The Affordable Care Act's birth control provision has lowered the cost of birth control pills by $1.4 billion, according to a new study published in the journal Health Affairs.
The study, which was conducted by University of Pennsylvania health economists, analyzed health insurance claims from one private insurer that does business in all 50 states and the District of Columbia.
The researchers found that in the six months before the contraception mandate went into effect Aug. 1, 2012, women spent an average out-of-pocket expense of about $32 on birth control pills. That amount dropped to about $20 after the mandate. For intrauterine devices, spending decreased even more, from about $262 to $84. Further, the average user of the pill saved roughly $255 per year following the mandate.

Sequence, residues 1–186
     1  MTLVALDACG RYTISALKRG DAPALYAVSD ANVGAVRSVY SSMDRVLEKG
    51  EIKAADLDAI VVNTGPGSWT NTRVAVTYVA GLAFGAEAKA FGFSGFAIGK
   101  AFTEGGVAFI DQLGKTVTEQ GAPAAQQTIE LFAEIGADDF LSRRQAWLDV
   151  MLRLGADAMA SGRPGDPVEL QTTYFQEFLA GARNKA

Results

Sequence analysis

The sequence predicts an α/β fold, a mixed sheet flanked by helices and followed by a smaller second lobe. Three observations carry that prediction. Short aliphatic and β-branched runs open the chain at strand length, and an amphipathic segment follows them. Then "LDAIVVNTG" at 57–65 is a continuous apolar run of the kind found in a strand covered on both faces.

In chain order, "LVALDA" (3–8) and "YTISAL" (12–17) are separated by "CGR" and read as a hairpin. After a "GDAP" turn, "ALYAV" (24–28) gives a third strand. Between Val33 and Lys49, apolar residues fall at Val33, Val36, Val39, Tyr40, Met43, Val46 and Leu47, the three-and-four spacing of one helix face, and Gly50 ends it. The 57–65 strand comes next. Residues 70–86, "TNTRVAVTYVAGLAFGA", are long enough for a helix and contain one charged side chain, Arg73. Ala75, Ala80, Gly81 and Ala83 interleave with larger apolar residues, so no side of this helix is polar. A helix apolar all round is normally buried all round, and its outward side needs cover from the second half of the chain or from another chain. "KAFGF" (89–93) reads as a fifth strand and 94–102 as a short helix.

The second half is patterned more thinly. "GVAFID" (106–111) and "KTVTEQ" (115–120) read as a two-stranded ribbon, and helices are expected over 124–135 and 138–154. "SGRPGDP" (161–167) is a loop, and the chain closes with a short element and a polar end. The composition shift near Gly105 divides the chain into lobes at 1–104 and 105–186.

Although the study only included claims from one insurer, preventing it from being nationally representative, some experts still find its conclusions important.
"I find this study persuasive and consistent with what other studies are finding--that women's out-of-pocket spending is falling since this provision was implemented in 2012," Alina Salganicoff, director of women's health policy at the Kaiser Family Foundation, told The New York Times. "I think we're seeing a clear pattern in the research."
But despite the ACA mandate and the steep cost decreases seen so far, some female members are still paying portions of their contraception costs. That's because insurers were allowed to phase in the requirement, some plans were grandfathered and other plans were exempted for religious reasons.
Following reports that found that some insurers don't comply with the rule, the Obama administration clarified that all insurers must cover at least one version of each of the 18 contraceptive methods approved by the Food and Drug Administration, FierceHealthPayer previously reported.